Reporting "Asre khodro", the decision was not taken as a result of U.S. President Donald Trump’s more confrontational policy towards Tehran, a spokesman for the company said.
Last week Trump refused to certify that Iran was complying with the international nuclear deal agreed in 2015 and warned that he might ultimately terminate the agreement.
“The reason is that at this moment Seat needs to concentrate its efforts on those largest European markets where it still has major growth potential such as Italy or France, and in regions such as Northern Africa or Latin America,” the spokesman said.
Seat’s chief executive had said in March that the company had been invited by the Spanish government to explore opportunities in Iran and was analysing the situation.
After turning its first profit in about a decade last year, Seat has been looking for ways to build on its recovery by broadening its reach beyond Europe’s crowded markets.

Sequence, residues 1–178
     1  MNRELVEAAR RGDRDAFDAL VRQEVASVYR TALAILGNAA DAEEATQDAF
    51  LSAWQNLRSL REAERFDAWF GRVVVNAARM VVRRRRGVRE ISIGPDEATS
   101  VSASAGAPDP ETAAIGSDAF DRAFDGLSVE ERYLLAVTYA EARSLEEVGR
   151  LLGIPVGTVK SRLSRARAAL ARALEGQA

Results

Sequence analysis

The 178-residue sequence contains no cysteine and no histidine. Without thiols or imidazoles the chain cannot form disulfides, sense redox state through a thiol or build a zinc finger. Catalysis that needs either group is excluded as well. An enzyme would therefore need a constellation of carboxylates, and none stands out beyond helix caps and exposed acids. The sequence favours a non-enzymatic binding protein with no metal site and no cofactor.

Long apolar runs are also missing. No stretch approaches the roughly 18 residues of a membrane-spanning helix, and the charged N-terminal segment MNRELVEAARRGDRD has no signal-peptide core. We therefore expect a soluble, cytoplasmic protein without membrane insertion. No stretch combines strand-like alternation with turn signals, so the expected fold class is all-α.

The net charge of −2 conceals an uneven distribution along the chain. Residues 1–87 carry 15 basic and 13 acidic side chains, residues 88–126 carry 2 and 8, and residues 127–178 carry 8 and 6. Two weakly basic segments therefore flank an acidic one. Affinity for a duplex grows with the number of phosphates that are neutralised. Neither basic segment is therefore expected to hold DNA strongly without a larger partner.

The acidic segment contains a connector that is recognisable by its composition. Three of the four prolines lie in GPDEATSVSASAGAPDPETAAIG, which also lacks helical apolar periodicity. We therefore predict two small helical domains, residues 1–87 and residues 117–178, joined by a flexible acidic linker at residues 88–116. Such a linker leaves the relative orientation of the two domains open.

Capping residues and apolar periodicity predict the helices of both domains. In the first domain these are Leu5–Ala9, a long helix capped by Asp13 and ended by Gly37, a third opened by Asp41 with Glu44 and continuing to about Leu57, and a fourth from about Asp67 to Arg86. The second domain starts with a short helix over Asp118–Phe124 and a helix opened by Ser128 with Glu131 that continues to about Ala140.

Seat is the only brand of VW’s five main passenger-car divisions to post double-digit growth in European sales this year, with its nine-month EU deliveries up 15 percent to 294,000 cars.
Seat started building cars in Algeria in the third quarter as part of VW’s joint venture with local distributor SOVAC, the first time that the 67-year-old Spanish brand has built its cars outside Europe.
A spokesman at VW’s Wolfsburg headquarters declined to comment on Iran, saying the carmaker was monitoring developments in the country closely. (Reporting by Andreas Cremer; Additional reporting by Jan Schwartz; Editing by Douglas Busvine, Greg Mahlich)